- The Washington Times - Thursday, March 12, 2009

The chance to guide inexperienced players, as well as young assistant coaches, has brought Jim Fassel and Dennis Green back to professional football — albeit not the NFL.

Fassel, Green, Jim Haslett and Ted Cottrell were announced Wednesday as the four coaches for the new United Football League, which is scheduled to launch in early October with a seven-game season culminating in a championship game Thanksgiving weekend.

Fassel, Green and Haslett have a combined 27 years of NFL head coaching experience, and Cottrell is a longtime defensive coordinator. All are confident the UFL has the organization and financial backing to succeed.

“I’ve coached for 36 years, and I still love to coach,” said Fassel, jilted by Dan Snyder during the Washington Redskins’ last two coaching searches. “I love the concept, and I respect the guys that are doing it. It’s pure coaching with players who want to get better and want to be developed.”

Said Green: “It’s a league we really believe in. So much of what we’ll do will be about developing players and coaches.”

Fassel has pursued several coaching jobs since being fired as Baltimore’s offensive coordinator during the 2006 season but said he doesn’t intend for the UFL to be his ticket back to the NFL.

“People ask me if this will enhance my chances to be back or hurt them — I don’t care,” he said. “I never even thought about that unless I was asked about it.”

The teams, yet to be named, will be located in Las Vegas (Fassel), San Francisco (Green), Orlando (Haslett) and New York (Cottrell). The league has plans for the San Francisco team to play some games in Sacramento, Calif., and for the New York team to do so in Hartford, Conn. The average ticket price will be $20, and the league has secured a television deal with Versus for a weekly Thursday night game.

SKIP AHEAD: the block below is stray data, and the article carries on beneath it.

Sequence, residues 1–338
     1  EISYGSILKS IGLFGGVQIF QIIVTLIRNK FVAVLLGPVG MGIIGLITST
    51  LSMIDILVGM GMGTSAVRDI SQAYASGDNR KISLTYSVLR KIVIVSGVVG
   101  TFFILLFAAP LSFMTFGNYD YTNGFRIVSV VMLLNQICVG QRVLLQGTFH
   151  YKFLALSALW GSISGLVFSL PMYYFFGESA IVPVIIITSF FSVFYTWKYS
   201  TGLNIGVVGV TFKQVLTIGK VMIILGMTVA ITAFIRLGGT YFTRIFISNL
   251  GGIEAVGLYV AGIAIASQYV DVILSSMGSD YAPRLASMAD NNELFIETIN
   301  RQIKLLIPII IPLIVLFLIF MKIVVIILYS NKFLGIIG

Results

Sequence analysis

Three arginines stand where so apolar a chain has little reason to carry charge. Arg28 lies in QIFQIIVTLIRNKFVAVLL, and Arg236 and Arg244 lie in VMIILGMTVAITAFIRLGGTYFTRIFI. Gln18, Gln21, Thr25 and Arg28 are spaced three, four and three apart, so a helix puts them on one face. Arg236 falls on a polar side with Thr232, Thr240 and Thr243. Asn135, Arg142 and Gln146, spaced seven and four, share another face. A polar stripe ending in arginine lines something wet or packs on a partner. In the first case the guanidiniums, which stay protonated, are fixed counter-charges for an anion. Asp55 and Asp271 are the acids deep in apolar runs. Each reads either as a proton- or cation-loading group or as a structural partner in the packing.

Financier Paul Pelosi, part of the San Francisco ownership group, said $30 million was used to launch the four franchises — all of which will be headquartered in Casa Grande, Ariz. — and that the league was an attractive business opportunity despite the current economy.

“From a financial point of view, it’s a tremendous opportunity,” said Pelosi, husband of House Speaker Nancy Pelosi. “Recession is a time for opportunity, and this is a good example. We’re going to deliver a very good product at a very reasonable price.”

The UFL hoped to have six teams in its first year but intends to expand to six to eight clubs next year. The league hopes to serve as a breeding ground for players who otherwise would play in the Arena leagues and other pro leagues.

“We do want to be complementary to the NFL,” UFL commissioner Michael Huyghue said. “I don’t have a crystal ball, but I think there are some likely synergies between us and the NFL and players moving back and forth between the two leagues.”

That won’t happen in the first year, though. Each player must sign a one-year contract that binds him to the UFL until Thanksgiving. Ten-member coaching staffs will scour NFL training camps and watch preseason games to sign 60 players for training camp. The roster will be trimmed to 50 for the regular season, and 45 will be active on game day.

“We’ll have plenty of time [to build a team],” Green said. “The uniqueness is that we’re going to get a combination of players — guys who have played two or three years and know they’re going to get back in the [NFL] and guys who are free agents and haven’t been drafted. There is this whole group of players who are training and ready to play and know what it takes to play.”

A wild card who could attract attention to the UFL is quarterback Michael Vick, who is still under contract with the Atlanta Falcons.

“Somewhat hypothetically, assuming he cleared all of his hurdles… we would welcome him to our league,” said Huyghue, who added that an online poll to gauge fan interest in signing Vick could be a part of the decision.

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